“There are some memoirs that reach right out and capture us, even if we have never heard of the author, even if the story seems ordinary, like the sort of thing we have experienced, or could imagine experiencing. Such is the case with Katharine Smyth’s extraordinary debut, All the Lives We Ever Lived: Seeking Solace in Virginia Woolf… This is a transcendent book, not a simple meditation on one woman’s loss, but a reflection on all of our losses, on loss itself, on how to remember and commemorate our dead.” — Charlotte Gordon, The Washington Post

“[Smyth’s] prose is so fluid and clear throughout that it’s not surprising to observe her view of her family, its cracks and fissures, sharpen into unsparing focus.… Her exploration of grown-up love, the kind that accounts for who the loved one actually is, not who you want him or her to be, gains power and grace as her story unfolds. I suspect her book could itself become solace for people navigating their way through the complexities of grief for their fallen idols. And they will be lucky to have it.” — Radhika Jones, The New York Times Book Review

“Katharine Smyth pulls off a tricky double homage in her beautifully written first book, a deft blend of memoir, biography, and literary criticism that’s a gift to readers drawn to big questions about time, memory, mortality, love and grief… Her question—and this impressive memoir—beautifully echo my favorite passage from To the Lighthouse: ‘What is the meaning of life? That was all—a simple question; one that tended to close in on one with years. The great revelation had never come. The great revelation perhaps never did come. Instead there were little daily miracles, illuminations, matches struck unexpectedly in the dark; here was one.’ Yes, here is one.” — Heller McAlpin, The Wall Street Journal

Heller McAlpin’s review of  All the Lives We Ever Lived  in  The   Wall Street Journal

Heller McAlpin’s review of All the Lives We Ever Lived in The Wall Street Journal

“Just as Woolf unspooled the backstories and futures of her characters with deft, time-bending maneuvers, Smyth elliptically reveals the layers of her father’s character, simulating the ups and downs that the author herself must have felt in loving this extraordinary man and watching him self-destruct. It’s an experiment in 21st-century introspection that feels rooted in a modernist tradition and bracingly fresh.” Vogue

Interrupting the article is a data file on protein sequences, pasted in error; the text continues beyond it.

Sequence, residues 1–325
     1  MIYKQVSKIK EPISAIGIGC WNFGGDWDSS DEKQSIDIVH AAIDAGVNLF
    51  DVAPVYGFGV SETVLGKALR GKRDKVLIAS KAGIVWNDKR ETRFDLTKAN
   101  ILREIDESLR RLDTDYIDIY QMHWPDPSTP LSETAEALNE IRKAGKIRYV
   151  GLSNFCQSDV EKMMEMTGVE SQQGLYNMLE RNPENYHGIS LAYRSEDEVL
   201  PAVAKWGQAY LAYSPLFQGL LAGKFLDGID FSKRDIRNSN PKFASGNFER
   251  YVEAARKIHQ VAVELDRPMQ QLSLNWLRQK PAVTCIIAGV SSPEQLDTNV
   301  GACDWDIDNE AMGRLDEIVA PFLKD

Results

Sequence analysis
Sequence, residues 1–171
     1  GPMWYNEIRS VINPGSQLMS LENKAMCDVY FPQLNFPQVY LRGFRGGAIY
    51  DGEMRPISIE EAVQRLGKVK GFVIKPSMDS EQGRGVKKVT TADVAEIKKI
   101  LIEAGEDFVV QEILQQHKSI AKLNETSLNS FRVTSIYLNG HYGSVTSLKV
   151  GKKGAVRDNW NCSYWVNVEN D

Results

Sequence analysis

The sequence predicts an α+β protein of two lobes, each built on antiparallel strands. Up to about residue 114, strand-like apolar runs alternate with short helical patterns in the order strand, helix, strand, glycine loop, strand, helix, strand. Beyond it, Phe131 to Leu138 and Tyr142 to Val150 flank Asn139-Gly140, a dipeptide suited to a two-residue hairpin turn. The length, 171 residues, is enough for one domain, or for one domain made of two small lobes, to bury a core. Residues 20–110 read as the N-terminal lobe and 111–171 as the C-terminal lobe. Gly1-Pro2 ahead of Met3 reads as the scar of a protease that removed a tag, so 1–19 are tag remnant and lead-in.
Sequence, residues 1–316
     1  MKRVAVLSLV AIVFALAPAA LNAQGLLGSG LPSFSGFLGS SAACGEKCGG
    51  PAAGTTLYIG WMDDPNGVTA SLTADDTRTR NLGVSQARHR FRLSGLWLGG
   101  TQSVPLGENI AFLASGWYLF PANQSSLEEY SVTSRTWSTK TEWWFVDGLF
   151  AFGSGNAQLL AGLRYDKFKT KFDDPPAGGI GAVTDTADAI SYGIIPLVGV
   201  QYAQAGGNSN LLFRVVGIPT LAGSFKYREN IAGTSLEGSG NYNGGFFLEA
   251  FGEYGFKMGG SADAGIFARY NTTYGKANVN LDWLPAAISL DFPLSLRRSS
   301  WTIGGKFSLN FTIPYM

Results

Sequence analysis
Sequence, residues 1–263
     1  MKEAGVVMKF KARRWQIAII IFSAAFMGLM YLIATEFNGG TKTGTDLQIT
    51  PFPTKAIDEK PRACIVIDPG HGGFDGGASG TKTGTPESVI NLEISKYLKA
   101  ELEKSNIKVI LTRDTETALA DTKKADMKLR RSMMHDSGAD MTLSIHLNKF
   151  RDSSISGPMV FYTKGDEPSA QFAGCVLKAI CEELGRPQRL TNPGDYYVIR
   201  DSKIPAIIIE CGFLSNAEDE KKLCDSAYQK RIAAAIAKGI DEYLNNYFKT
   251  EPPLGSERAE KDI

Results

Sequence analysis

“This gorgeous, moving book gracefully moves between memoir and literary criticism… Smyth’s writing possesses a unique ability to wend its way into your head, traveling into all the darkest corners of your mind, triggering thoughts on love and loss and family and memory you hadn’t known were lurking; it’s a profound experience, reading this book—one not to be missed.” Nylon

“This searching memoir pays homage to To the Lighthouse, while recounting the author’s fraught relationship with her beloved father, a vibrant figure afflicted with alcoholism and cancer. Smyth’s reflections on loss weave in and out of literary criticism, and gesture toward questions about how art gives meaning to life, and vice versa… Smyth’s writing is evocative and incisive.” The New Yorker

“A conceptually ambitious and assured debut, successfully bridging memoir and literary criticism…. A work of incisive observation and analysis, exquisite writing, and an attempt to determine if there is ‘any revelation that could lessen loss, that could help to make the fact of death okay.’” Kirkus Reviews (starred)

“[Smyth] expertly dissects the finest gradations of emotion in any given scene… All the Lives We Ever Lived is a powerful book, driven by the engine of Smyth’s controlled, rich description. It’s an astonishingly clear-eyed portrait of a person through myriad lenses, a kind of prismatic attempt to capture a life.” The Boston Globe

Hillary Kelly’s review of  All the Lives We Ever Lived  in  Vulture

Hillary Kelly’s review of All the Lives We Ever Lived in Vulture

“Let’s pause to recognize how remarkable it is that a young writer can convincingly buddy up with one of the greats in her first book without it coming off as a juvenile fanzine… Smyth’s beautiful debut is more tightly strung together than you’d imagine a memoir-cum-literary-requiem could be. It is innovative, like Woolf, in its power of association and its ability to transform the intangible nature of grief into a warm, graspable, fleshy mass.” Vulture